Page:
American Lung Association announces anti-vaping push

  • A U.S. Centers for Disease Control and Prevention survey found half of youth in the U.S. used an e-cigarette, vape pen or hookah in 2019. That trend of increasing electronic tobacco use is on par with Illinois high school student usage.

    A U.S. Centers for Disease Control and Prevention survey found half of youth in the U.S. used an e-cigarette, vape pen or hookah in 2019. That trend of increasing electronic tobacco use is on par with Illinois high school student usage. Associated Press/2018

 
By REBECCA ANZEL
Capitol News Illinois
ranzel@capitolnewsillinois.com
Updated 9/2/2020 3:05 PM

SPRINGFIELD -- The American Lung Association on Wednesday announced a "comprehensive" plan to tackle electronic tobacco use by the nation's high schoolers.

Education, community advocacy and research are the main pillars of the association's strategy and are methods used by tobacco opponents to curb traditional cigarette use among the age group.

                                                                                                                                                                                                                       
 

"As the school year resumes, more students may experience social pressure to vape, while others may begin to vape in response to stress, including stress related to COVID-19," Kristina Hamilton, the American Lung Association's advocacy director, said in a written statement. "We're already facing what the surgeon general refers to as a 'youth vaping epidemic.'"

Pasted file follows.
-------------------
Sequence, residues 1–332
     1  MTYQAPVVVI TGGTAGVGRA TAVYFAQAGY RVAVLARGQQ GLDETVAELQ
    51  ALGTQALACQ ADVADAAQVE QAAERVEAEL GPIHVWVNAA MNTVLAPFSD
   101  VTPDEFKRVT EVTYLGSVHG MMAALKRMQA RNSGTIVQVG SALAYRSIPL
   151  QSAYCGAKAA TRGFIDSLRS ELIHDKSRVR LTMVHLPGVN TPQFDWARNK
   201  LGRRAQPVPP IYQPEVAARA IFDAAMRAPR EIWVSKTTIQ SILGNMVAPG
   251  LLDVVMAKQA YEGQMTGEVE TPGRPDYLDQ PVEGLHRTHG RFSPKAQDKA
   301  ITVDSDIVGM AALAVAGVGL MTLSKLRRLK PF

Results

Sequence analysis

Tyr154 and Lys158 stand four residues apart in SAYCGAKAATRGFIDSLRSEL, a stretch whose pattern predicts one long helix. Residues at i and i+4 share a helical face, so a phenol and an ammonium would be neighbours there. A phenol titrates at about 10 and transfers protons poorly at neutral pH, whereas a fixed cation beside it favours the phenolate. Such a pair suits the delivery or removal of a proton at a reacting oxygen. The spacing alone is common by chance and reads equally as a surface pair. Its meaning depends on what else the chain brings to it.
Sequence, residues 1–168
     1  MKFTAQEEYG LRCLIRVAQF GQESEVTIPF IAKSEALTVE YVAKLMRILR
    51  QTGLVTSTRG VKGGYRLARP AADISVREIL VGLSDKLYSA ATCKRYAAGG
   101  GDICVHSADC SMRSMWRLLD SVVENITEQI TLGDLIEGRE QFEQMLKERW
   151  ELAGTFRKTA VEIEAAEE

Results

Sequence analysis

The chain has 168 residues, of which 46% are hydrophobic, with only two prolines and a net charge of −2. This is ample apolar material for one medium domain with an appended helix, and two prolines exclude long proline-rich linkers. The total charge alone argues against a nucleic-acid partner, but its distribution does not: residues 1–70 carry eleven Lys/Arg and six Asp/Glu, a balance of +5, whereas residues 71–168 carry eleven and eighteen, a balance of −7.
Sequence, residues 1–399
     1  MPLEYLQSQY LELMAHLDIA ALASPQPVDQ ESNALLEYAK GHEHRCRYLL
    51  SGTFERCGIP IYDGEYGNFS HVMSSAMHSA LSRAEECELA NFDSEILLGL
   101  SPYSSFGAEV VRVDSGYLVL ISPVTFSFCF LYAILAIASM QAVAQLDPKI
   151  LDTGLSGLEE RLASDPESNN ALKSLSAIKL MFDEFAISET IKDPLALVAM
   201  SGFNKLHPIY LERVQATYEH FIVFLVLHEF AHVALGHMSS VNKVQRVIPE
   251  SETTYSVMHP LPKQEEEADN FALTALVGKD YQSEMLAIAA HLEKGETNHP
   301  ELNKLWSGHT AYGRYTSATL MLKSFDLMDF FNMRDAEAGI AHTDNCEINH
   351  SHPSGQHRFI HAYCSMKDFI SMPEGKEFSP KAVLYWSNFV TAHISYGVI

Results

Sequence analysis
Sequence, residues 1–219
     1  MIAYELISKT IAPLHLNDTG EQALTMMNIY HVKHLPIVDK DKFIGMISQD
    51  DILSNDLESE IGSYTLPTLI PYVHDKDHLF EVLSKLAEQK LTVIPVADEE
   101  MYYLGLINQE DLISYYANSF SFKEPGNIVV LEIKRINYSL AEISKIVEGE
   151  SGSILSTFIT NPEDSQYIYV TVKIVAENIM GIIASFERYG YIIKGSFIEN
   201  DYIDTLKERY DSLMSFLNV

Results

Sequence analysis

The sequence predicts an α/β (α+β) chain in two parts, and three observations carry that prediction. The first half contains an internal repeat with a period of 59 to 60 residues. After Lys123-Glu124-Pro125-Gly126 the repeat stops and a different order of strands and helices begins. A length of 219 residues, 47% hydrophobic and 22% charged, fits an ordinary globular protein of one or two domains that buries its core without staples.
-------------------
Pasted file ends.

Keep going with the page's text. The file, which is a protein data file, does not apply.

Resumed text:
A U.S. Centers for Disease Control and Prevention survey found half of youth in the U.S. used an e-cigarette, vape pen or hookah in 2019. That trend of increasing electronic tobacco use is on par with Illinois high school student usage.

Approximately 8,000 students begin using a vape pen every day, the CDC found, resulting in more than one in four high schoolers and one in 10 middle schoolers vaping at least once per month.

The American Lung Association launched a public awareness campaign to inform parents and adult leaders about e-cigarette facts and trends as well as strategies for speaking with students about why they should not use such products.

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Officials also announced a Vape-Free Schools initiative "to help school administrators and educators address the surge of youth vaping through guidance in implementing a comprehensive tobacco use policy," according to the association.

Instead of suspension, it suggests educators develop a substitute discipline policy and offer a tobacco cessation program.

"Our communities need support, and ... the American Lung Association is proud to offer Illinois schools, parents and students proven approaches to end youth vaping in our communities and state," Hamilton said in a written statement.

The advocacy group also said it plans to promote legislation to include electronic tobacco products in the Smoke Free Illinois Act, which bans smoking in virtually all public places.

State Sen. Julie Morrison, a Democrat from Lake Forest, said she will introduce a measure in the 2021 legislative session to encourage youth to avoid e-tobacco products.

"We were doing so well on changing the culture of smoking, and now we have gone backward -- especially the younger generation," she said in a written statement. "While the implementation of Tobacco 21 was a major step forward in limiting the availability to tobacco products to children, there must be more education about the negative effects of e-cigarettes, so kids don't seek to get these products in illegal ways."

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